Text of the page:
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Are fans of AI its biggest detractors?

July 21, 2022
An open letter to the process automation community

I believe that artificial intelligence (AI), machine learning (ML), Bayesian optimization, big data and other contemporary techniques can improve our ability to model, understand and optimize processes; and that these techniques can move industry toward autonomy of operation and maintenance. These are core elements within the buzzwords of Industry 4.0, the Industrial Internet of Things (IIoT), smart manufacturing, smart instrumentation, asset models and digital twins. AI solutions are promoted by vendors, perhaps with an intensity needed to overcome process owner cautions, but also with a hype that might even create skepticism among potential users. How do we generate acceptance and sort out appropriate applications? How do we accelerate progress? Maybe this article can help.

An introduction

AI is a set of deterministic algorithms for modeling or searching through a vast database with today’s computer-enabled techniques. Our personal devices take voice commands, and autocorrect our spelling and grammar. They “listen” to voiced questions and provide “answers” such as “I found this about that.” But the listening is not human-like understanding, it's just algorithmic translation of soundwaves. And the responses are just connections to websites with possible answers to the text translation of key words in the question. Thirty years ago, all that would have been science fiction.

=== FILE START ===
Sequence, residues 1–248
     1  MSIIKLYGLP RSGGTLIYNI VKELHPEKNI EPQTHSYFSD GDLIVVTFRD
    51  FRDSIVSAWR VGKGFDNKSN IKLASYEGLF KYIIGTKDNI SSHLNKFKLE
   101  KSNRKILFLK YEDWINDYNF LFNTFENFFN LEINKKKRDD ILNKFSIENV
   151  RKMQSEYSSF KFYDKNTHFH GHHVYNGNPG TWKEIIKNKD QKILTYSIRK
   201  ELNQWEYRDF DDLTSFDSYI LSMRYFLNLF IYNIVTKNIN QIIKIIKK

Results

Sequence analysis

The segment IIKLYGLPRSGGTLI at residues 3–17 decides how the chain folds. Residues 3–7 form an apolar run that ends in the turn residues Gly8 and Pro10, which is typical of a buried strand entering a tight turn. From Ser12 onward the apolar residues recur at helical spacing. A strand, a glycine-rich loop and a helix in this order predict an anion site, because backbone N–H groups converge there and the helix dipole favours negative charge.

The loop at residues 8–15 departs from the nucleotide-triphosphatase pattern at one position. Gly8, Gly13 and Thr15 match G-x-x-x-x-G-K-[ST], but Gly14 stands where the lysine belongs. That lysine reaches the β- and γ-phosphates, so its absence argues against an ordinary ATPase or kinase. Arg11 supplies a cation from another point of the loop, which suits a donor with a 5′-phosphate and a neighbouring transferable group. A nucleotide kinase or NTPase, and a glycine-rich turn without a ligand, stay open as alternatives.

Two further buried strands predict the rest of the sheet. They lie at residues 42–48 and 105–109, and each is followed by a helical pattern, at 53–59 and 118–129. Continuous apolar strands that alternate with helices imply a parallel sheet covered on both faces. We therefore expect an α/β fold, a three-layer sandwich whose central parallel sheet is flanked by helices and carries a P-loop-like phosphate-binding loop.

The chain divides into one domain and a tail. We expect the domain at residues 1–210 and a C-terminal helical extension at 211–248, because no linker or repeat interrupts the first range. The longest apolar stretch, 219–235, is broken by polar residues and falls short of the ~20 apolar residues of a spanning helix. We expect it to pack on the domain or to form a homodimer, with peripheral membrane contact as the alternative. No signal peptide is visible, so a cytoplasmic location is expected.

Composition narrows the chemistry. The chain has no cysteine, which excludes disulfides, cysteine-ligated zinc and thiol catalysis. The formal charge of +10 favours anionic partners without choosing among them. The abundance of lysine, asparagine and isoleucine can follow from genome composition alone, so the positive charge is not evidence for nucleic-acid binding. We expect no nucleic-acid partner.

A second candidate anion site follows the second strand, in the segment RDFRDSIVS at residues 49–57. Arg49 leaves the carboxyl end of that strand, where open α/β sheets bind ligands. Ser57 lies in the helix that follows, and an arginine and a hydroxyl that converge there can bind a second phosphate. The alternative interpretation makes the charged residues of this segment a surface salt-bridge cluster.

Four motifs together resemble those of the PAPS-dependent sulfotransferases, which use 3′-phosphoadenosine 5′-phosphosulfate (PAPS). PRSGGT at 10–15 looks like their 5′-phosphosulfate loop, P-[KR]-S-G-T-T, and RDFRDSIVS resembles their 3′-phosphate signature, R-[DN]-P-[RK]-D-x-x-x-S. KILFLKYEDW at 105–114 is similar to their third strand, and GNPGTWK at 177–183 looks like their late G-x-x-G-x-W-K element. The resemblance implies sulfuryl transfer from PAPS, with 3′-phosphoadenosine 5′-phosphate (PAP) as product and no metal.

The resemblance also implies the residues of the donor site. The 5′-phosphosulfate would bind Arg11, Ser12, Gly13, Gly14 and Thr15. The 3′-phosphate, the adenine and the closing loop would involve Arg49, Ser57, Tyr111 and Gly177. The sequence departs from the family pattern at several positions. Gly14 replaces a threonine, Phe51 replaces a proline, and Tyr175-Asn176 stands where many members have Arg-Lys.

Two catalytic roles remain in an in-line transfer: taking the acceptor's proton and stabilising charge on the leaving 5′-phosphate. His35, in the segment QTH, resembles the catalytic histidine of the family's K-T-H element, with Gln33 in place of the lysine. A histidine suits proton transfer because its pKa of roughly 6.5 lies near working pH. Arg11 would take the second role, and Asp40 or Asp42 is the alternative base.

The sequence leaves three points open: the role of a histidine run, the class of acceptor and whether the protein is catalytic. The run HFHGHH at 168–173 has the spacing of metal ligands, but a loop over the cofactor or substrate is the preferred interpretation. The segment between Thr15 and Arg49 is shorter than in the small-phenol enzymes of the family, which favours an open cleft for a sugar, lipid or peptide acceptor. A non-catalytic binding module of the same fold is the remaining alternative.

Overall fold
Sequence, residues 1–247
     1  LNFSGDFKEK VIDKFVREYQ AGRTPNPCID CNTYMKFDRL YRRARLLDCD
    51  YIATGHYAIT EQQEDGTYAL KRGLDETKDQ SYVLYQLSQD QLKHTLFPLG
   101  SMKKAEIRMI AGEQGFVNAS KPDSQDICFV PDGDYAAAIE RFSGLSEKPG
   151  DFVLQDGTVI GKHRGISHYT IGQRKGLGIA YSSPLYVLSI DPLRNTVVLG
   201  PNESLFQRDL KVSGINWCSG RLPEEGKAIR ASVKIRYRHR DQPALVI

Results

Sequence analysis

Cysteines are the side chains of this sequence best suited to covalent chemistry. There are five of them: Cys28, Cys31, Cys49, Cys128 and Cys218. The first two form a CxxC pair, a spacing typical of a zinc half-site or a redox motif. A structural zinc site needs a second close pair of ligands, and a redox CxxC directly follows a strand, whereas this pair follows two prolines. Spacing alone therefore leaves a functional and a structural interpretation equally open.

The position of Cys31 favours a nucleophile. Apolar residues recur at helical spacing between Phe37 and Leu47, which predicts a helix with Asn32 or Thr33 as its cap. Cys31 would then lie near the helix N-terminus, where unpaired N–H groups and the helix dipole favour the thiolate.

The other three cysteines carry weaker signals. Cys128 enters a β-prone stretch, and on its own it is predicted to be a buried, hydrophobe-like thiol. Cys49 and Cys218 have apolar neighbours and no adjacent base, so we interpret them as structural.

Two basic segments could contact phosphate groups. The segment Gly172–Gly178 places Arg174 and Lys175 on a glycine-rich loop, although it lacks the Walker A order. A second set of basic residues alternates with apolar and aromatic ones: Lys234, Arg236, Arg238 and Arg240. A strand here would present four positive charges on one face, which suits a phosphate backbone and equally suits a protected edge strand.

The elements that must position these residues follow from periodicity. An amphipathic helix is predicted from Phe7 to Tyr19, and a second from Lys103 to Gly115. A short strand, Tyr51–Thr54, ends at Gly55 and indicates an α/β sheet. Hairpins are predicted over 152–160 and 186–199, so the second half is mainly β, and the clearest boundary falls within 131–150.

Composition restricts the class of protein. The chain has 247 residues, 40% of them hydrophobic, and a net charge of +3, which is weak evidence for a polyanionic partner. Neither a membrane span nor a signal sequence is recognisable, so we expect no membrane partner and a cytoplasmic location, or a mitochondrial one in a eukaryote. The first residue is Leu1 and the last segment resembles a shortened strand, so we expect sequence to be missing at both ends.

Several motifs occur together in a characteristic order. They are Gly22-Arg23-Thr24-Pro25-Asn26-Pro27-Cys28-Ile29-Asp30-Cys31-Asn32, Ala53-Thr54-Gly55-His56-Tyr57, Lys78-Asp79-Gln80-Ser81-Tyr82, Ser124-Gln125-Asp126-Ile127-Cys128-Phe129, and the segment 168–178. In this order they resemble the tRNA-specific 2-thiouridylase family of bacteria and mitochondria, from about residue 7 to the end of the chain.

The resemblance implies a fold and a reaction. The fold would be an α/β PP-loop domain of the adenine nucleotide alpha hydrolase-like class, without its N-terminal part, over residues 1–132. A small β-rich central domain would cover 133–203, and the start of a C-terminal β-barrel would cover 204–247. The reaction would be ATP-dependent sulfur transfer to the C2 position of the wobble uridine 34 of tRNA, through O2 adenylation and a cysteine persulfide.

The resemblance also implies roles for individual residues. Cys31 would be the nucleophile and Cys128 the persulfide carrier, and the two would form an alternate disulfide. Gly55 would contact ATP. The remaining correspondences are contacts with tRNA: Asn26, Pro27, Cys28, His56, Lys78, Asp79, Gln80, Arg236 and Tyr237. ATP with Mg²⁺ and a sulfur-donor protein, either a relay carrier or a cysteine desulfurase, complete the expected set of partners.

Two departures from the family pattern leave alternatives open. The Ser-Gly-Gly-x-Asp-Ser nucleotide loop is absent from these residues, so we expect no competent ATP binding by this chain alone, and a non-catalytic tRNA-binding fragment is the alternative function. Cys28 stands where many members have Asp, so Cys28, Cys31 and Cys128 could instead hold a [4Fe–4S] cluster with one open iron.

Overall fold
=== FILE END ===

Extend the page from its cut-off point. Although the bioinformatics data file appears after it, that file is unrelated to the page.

Although AI may seem remarkable, it's not a human-type of intellect. It's not an existence that has needs that drive its independent actions. It doesn't have an agenda that might undermine the human’s. Despite its name, despite the vision that developers have been pursuing, and despite fictional creativity, AI is not an independent intellect.

ML does not “learn” like a human learns. There is no machine understanding or comprehension. ML is just a collection of computer-enabled techniques for finding relations (like principal component analysis) or adjusting model coefficients to make the model best match the data (like regression). One could go back in time and present regression as “learning,” and mystify people who don't understand regression. ML does not learn or understand as a human does.